The symbol denoting this operation is often a star . If the two signals are similar, the resulting output will be similar to those signals, if not, the result will be a mix of both (an interpolation between the two signals).

Below is a 1D example (source): 

Comparison of convolution, cross-correlation, and autocorrelation
Comparison of convolution, cross-correlation, and autocorrelation

From this 1D example, we can extend to an n-dimensional array: we start by flattening the n-dimensional array into a 1D array (if it is a 2D array for example, we extract the different rows and concatenate them into one single array) and apply the operation above. For instance, that’s what we do when working with black and white images. Indeed, an image is a 2D array of pixels: think about the width as the columns of a matrix and the height as its rows. For colored images (i.e. a 3D array), we will see how the convolution can be extended.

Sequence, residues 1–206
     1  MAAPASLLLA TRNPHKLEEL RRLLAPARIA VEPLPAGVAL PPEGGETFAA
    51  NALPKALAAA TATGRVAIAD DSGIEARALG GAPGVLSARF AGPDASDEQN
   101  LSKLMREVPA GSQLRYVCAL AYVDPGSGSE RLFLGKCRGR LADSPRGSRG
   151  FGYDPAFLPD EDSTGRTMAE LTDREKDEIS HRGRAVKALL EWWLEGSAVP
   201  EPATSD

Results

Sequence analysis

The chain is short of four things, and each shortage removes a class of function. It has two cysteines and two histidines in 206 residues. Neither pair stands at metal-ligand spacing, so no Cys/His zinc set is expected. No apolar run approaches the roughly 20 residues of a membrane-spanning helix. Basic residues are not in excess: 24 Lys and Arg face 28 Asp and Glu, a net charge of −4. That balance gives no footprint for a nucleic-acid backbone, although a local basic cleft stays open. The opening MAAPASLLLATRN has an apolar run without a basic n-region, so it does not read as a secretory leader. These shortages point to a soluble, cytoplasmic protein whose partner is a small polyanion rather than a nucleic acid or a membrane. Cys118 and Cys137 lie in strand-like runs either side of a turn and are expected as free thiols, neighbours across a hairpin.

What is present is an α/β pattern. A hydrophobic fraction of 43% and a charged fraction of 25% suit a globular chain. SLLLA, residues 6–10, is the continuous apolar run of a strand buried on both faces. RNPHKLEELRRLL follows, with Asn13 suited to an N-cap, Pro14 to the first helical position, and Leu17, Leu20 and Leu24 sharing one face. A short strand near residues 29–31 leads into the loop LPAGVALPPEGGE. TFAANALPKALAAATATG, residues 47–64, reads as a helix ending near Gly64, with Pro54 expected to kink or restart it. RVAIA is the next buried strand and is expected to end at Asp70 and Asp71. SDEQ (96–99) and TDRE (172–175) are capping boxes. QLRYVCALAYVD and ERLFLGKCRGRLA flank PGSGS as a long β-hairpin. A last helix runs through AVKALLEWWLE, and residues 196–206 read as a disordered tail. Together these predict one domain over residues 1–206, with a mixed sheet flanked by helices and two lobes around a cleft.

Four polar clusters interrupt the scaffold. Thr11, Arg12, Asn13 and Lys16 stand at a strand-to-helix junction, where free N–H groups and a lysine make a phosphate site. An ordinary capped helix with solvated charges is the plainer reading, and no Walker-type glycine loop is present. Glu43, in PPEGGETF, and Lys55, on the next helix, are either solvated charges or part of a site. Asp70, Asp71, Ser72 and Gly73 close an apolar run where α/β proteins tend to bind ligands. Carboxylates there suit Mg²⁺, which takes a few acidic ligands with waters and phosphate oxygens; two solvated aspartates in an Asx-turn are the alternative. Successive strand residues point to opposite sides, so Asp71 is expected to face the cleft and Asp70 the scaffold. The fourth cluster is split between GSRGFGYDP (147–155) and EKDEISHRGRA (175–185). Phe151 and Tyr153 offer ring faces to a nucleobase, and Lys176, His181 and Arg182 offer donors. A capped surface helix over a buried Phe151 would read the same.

Thus, here is an animated convolution (source) showing the convolving signal within a square window sliding over a 2D array: 

Animated 2D convolution
Animated 2D convolution

As you can see from the diagram above, there are four important parameters that control a 2D convolution: 

  • how big the window is (i.e. the size of the convolving signal) we use to compute one value: this is the convolving signal reorganized into a 2D matrix;
  • how much we slide the window by;
  • how far away values we use are within the window;
  • how we fill empty values at the borders.

These four parameters translate into the following four concepts:

  • kernel size: the dimension of the kernel, usually the same for width and height (square kernel);
  • stride: by how much the kernel is moved from one computation to the next;
  • dilation: by how much we skip values within the same kernel, usually set to 1;
  • padding: how to complete empty values around the borders of the input, usually we pad with 0.